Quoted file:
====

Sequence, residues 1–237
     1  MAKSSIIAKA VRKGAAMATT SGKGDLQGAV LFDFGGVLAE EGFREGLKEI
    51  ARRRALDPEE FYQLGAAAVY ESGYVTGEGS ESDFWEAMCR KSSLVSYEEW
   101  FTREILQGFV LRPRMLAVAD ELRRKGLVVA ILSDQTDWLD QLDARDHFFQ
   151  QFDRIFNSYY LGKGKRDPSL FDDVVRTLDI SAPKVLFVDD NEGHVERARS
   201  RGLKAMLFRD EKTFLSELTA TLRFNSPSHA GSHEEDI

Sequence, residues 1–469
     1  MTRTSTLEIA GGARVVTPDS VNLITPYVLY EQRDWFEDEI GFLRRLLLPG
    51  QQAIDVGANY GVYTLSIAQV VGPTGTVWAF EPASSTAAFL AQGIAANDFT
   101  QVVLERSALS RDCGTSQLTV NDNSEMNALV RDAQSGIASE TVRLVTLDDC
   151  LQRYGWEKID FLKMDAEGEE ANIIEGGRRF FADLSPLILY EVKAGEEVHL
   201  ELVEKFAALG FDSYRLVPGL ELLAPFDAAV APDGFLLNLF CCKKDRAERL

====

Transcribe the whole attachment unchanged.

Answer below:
Sequence, residues 1–237
     1  MAKSSIIAKA VRKGAAMATT SGKGDLQGAV LFDFGGVLAE EGFREGLKEI
    51  ARRRALDPEE FYQLGAAAVY ESGYVTGEGS ESDFWEAMCR KSSLVSYEEW
   101  FTREILQGFV LRPRMLAVAD ELRRKGLVVA ILSDQTDWLD QLDARDHFFQ
   151  QFDRIFNSYY LGKGKRDPSL FDDVVRTLDI SAPKVLFVDD NEGHVERARS
   201  RGLKAMLFRD EKTFLSELTA TLRFNSPSHA GSHEEDI

Sequence, residues 1–469
     1  MTRTSTLEIA GGARVVTPDS VNLITPYVLY EQRDWFEDEI GFLRRLLLPG
    51  QQAIDVGANY GVYTLSIAQV VGPTGTVWAF EPASSTAAFL AQGIAANDFT
   101  QVVLERSALS RDCGTSQLTV NDNSEMNALV RDAQSGIASE TVRLVTLDDC
   151  LQRYGWEKID FLKMDAEGEE ANIIEGGRRF FADLSPLILY EVKAGEEVHL
   201  ELVEKFAALG FDSYRLVPGL ELLAPFDAAV APDGFLLNLF CCKKDRAERL